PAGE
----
Bhima Koregaon: Justice delayed & denied

Courts ignore, contradict precedents & good jurisprudence

Politics

February 19, 2021

/ By / New Delhi

Bhima Koregaon: Justice delayed & denied

After the 2017 Elgar Parishad meeting became epicentre of arrests over the Bhima Koregaon violence, the first Elgar Praishad was held this year on January 30 in Pune

A report in Washington Post last week about evidence having been planted on the computer of one of the accused is just one of the several incidents that has cast serious doubts on the basis of the entire case that has seen over a dozen veteran activists and scholars locked up for over two years on flimsy grounds.

Nothing, it seems, can make a difference to the judiciary in the infamous Bhima Koregaon case in which 16 eminent Indian scholars and activists have been locked up for two years on the flimsiest of legal grounds.

Last week, a report in Washington Post revealed that an American digital forensics consulting firm that had studied the electronic gadgets belonging to activist Rona Wilson, one of the accused in the case, had found that fabricated evidence was planted in the gadgets, including a laptop and pen drive, which were seized from Wilson’s house in April 2018 and which led to his arrest two months later.

The Massachusetts-based firm, Arsenal Consulting, said Wilson’s computer was compromised by the same attacker for 22 months between 2016 and 17 April 2018, when the systems were seized by the police for his alleged links with the case, involving violence on January 1, 2018 during celebrations marking 200th anniversary of a Dalit victory over Maratha soldiers. Arsenal Consulting blamed a phishing attack sent from an email purported to have been sent by 80-year-old Varavara Rao, a poet and activist and a co-accused in the case.

For defence lawyers the revelations of Washington Post were in line with what the accused have been saying for several months. “This is what we have been saying from day one, that all these letters are fabricated, they do not inspire any confidence and if one looks at the content, from that itself it is clear that the documents are fabricated. Now, what we were saying stands fortified with technical details. We had certain indications in the FSL report itself, but those were not adequate. So, the Washington Post report makes it very obvious and clear scientifically that it is totally planted evidence,” Nihalsing Rathod, a defence lawyer in the case, tells Media India Group.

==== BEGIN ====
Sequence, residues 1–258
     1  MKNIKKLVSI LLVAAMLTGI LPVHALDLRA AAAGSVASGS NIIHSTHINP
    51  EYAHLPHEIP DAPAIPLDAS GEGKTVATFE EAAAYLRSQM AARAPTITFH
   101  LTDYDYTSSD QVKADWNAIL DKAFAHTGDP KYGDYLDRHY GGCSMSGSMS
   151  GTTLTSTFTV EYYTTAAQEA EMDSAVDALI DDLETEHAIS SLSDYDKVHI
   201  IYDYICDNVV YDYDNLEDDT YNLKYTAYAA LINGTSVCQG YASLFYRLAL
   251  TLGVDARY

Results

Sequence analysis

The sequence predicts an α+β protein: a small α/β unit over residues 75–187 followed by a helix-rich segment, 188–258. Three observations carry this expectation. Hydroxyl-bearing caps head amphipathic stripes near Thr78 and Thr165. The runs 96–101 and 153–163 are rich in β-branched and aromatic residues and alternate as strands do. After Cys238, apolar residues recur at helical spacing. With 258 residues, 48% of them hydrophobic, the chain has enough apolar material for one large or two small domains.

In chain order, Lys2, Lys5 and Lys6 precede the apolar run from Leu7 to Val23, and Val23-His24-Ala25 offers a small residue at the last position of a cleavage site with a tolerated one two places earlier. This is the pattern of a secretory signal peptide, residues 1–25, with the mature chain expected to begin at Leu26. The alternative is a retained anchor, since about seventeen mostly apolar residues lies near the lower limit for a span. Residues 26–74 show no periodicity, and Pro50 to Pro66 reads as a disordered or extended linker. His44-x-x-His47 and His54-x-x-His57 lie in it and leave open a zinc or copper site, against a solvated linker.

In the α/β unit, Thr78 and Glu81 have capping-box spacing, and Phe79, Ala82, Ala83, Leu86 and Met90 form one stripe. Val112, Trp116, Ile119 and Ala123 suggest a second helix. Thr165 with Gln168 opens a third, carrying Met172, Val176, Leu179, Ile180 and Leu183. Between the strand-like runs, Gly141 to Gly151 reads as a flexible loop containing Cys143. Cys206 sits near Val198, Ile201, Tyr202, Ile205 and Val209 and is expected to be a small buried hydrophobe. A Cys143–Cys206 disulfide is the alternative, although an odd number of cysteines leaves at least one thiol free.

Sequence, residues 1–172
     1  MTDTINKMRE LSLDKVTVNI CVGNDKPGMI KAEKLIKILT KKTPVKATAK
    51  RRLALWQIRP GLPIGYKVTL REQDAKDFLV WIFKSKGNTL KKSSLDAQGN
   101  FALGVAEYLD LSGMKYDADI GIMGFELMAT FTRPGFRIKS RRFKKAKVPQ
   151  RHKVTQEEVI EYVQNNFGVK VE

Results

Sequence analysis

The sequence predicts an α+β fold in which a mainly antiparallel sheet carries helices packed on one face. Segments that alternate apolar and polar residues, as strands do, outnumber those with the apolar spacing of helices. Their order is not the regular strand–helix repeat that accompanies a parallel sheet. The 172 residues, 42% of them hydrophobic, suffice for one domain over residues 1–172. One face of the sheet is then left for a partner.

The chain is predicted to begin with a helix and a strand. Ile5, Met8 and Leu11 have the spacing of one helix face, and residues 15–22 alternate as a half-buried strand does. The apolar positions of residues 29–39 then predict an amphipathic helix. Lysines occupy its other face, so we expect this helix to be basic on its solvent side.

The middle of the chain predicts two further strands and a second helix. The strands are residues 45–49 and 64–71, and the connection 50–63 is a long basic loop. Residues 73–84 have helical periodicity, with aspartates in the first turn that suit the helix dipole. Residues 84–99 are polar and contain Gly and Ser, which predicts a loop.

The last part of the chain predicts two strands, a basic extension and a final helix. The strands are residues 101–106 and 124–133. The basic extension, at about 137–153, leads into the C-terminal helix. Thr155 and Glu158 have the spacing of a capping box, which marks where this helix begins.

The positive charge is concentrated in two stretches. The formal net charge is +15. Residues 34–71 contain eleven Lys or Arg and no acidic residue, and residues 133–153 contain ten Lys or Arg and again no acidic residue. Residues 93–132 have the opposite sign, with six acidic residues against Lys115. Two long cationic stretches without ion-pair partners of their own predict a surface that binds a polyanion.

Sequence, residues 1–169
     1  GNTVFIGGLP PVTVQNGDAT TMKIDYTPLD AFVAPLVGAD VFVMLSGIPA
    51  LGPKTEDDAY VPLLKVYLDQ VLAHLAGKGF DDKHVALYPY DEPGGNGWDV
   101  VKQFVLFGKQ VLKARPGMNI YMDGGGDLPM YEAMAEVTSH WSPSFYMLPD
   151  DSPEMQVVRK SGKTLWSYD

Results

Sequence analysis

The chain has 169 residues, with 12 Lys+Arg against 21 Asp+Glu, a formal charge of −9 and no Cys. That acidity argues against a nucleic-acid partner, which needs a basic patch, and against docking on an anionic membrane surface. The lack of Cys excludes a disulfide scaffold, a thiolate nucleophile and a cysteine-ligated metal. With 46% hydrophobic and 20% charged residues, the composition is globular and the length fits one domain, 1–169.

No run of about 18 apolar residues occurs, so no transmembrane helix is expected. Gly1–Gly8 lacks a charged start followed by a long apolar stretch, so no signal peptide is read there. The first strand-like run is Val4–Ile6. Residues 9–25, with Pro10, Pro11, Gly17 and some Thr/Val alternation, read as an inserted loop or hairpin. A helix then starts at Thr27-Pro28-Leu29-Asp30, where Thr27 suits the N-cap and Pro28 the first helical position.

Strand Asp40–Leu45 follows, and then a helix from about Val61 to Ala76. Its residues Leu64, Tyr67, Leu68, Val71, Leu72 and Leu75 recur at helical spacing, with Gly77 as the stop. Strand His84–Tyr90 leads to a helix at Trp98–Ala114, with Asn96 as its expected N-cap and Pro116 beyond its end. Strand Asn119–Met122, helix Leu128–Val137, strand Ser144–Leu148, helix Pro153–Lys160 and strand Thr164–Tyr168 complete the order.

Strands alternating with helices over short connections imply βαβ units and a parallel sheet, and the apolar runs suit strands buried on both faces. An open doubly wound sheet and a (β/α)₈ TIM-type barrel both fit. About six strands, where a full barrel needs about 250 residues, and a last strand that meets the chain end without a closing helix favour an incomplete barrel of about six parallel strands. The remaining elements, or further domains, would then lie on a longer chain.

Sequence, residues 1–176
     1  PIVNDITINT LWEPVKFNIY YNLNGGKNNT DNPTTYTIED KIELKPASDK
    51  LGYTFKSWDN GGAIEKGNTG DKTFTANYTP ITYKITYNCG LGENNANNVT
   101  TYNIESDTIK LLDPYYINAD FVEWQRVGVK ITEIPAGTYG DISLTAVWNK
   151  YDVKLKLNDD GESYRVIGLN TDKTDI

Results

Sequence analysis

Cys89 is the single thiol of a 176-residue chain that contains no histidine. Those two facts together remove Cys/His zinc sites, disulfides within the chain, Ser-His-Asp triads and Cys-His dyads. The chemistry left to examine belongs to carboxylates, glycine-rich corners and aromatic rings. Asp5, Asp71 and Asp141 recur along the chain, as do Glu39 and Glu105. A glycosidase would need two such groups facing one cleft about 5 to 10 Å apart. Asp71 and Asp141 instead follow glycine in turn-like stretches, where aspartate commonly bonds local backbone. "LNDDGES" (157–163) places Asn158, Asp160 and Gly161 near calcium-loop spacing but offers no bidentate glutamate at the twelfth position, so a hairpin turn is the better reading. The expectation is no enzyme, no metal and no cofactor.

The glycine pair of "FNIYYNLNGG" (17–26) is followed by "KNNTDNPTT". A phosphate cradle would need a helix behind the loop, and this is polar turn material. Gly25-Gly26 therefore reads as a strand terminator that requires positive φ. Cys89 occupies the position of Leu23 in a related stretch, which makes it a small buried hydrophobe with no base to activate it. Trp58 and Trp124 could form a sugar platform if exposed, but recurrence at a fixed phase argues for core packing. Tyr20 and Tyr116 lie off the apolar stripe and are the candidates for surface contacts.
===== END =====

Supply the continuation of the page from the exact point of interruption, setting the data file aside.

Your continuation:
The defence lawyers say that the electronic evidence is not the only thing fabricated by the police in the case. Their claim does seem to have some basis. Most of the accused were in Pune on December 31, 2017 addressing a meeting of Elgar Parishad that had brought together speakers from across the country. The organisers included former Supreme Court judge, Justice P.B. Sawant, and former Bombay High Court judge, Justice B.G. Kolse-Patil. The event saw songs, street plays and speeches on various issues, including Dalit rights and criticism of the Narendra Modi government.

The Bhima Koregaon violence took place on January 1, 2018 and even the police does not claim that most of the accused were anywhere near the site of the violence. Moreover, after the violence two FIRs were registered. One blamed two right-wing leaders while the other accuses ‘leftist groups with Maoist links’ who spoke at Elgar Parishad for instigating the violence. Curiously, the police chose to pursue only one of the FIRs, even though one of the Hindutva leaders was arrested but released on bail soon afterwards.

Subsequently, all the arrests in the case have been on account of an FIR filed by a person who claims to have attended the Elgar Parishad meeting and accused the organisers of instigating violence as ‘inflammatory speeches inciting hatred amongst society’ were being delivered and ‘inflammatory books’ were kept for sale. Incidentally, the person who filed this FIR is a follower of the right-wing groups accused of violence.

Over the past three years, police has arrested 16 persons in the case including Jyoti Raghoba Jagtap, Sagar Tatyaram Gorkhe, Ramesh Murlidhar Gaichor, Sudhir Dhawale, Surendra Gadling, Mahesh Raut, Shoma Sen, Rona Wilson, Arun Ferreira, Sudha Bharadwaj, Varavara Rao, Vernon Gonsalves, Anand Teltumbde, Gautam Navlakha, Hany Babu and Father Stan Swamy.

In May 2018, the police added serious charges under the anti-terror UAPA law, which makes bail nearly impossible, and filed the first charge-sheet of over 5,000 pages in Pune. The police claimed that Naxalites, members of banned Communist Party of India (Maoist), planned to assassinate Prime Minister Narendra Modi to destabilise democracy and wage war against India.

Defence lawyers, as well as human rights activists, say that the sole intent of the entire façade of the case, with weak or no evidence at all, is to crush dissent and make an example of the 16 eminent personalities who have done stellar work in their fields and have been vocal critics of Modi for years. This is the only reason that after the fall of the Bharatiya Janata Party government in Maharashtra, the Centre took over the case through its National Investigation Agency, they say.